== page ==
Hazardous Hiking

11th-14th January

Rising bright and early for our second day in Monteverde we prepared for a day experiencing potential ideas for our main projects, eager to get stuck in researching our chosen subject. A hike in the cloud forest to increasing elevations began our morning, letting us observe the changes in the surrounding forest along the way, with Moncho, Sarah, Regan and the Andy’s sharing their wisdom with us along the way.

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As we ascended we spotted large numbers of small pink flowers, begonias, peppering the path edges. Begonias are one of masses of interesting plants to be found in the rainforest (yes Regan, you have managed to persuade us!).  They exhibit leaf adaptations known as drip tips, point that range from 1 to 7 per leaf, which are thought to aid in water dispersal.

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Next we spent time discussing figs and their relationship with parasitic wasps. Break open the fruit of certain fig species and inside you will find flowers! These flowers are differing sizes, some being perfect for a specific parasitic wasp that use them to lay their eggs. Male offspring lack wings and so function in defense and to create an exit tunnel in the fig. Once hatched the newly emerged female wasps act as pollinators, spreading pollen to other fig trees, clever eh?

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Luckily for us rain wasn’t in sight and the sun even made an appearance, but as usual with our hikes so far it wasn’t all plain sailing! One of the first obstacles reached was a huge landslide which we had to precariously cross by wading through mud and balancing along tree trunks.

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This was followed by a plethora of fallen trees to navigate, as always this made it an entertaining journey with the probability of slipping over rather high!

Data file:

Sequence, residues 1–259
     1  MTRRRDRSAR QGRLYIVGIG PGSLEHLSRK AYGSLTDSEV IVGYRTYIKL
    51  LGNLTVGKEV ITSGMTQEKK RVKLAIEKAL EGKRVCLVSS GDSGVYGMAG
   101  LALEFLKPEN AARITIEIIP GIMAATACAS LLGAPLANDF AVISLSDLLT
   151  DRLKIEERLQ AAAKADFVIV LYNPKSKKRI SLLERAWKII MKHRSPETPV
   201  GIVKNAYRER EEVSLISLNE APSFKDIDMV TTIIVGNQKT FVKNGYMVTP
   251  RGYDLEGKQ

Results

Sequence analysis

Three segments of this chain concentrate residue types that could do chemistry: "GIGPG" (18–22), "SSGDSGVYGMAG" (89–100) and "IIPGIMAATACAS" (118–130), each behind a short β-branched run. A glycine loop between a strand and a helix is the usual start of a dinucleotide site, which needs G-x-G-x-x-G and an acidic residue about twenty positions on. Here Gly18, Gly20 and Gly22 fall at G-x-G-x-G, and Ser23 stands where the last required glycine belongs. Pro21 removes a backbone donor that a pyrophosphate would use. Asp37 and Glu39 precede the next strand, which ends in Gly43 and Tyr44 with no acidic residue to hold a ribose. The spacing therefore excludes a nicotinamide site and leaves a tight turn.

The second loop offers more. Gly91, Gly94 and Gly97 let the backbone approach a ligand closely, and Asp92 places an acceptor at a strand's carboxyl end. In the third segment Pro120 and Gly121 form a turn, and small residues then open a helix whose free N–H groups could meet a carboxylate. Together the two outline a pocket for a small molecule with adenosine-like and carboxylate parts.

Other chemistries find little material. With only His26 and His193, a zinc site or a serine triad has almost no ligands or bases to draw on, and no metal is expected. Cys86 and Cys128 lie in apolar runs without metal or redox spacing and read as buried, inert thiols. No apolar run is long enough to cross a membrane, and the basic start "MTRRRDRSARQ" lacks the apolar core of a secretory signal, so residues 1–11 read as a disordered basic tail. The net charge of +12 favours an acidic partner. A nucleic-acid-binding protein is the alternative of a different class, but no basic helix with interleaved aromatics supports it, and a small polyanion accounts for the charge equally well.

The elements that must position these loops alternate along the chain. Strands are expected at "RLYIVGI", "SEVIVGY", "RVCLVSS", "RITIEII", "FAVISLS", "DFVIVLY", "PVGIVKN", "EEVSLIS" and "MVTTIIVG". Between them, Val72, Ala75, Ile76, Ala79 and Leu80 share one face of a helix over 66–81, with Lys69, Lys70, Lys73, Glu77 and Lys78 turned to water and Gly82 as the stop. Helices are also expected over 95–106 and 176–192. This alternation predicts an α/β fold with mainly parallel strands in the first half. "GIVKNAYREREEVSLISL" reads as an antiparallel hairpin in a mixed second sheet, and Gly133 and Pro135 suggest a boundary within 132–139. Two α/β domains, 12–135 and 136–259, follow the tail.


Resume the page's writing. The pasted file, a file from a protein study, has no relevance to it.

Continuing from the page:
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Eventually we reached the continental divide, from the Pacific to the Caribbean side of the country, and therefore our goal for the day was almost in sight. At the maximum elevation for the day we entered what is dubbed the ‘elven’ forest due to the extreme height difference in trees in this area compared to the majority of the cloud forest. These stubby moss covered trees known as elves created a picturesque yet eery atmosphere, reminiscent of a scene straight from Lord of the Rings.

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After taking in this beautiful scenery we began the return hike back through the cloud forest, now pretty much pros at navigating the jungle pathways!

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In the afternoon we visited the Children’s Eternal Rainforest, Bajo del Tigre. Moncho lead a discussion covering national park conservation and the difficulties there is in buying up areas of land for protection. A few points within the park are still farmed but the owners price for buying the land is often far too high, however other methods are being considered such as land relocation rather than sale. To conclude our field sessions for the day we explored Bajo del Tigre, and during our meander through this part of dry forest we encountered howler monkeys, tarantulas and elegant glass butterflies.

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The remainder of the day was spent in our project groups discussing further ideas for exciting research to undertake, from hummingbird dominance to begonia drip tips. We are all looking forward to seeing the outcomes of the research we are soon to undertake. With the next couple of days to perfect our projects in Monteverde we are set to get some exciting data from the 10 field course groups so watch out for our next blog post summing up our presentations!

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sf343    January 25th, 2017    Costa Rica, Costa Rica archive    , , , , , , , , , , , , , , , , , , , , , ,

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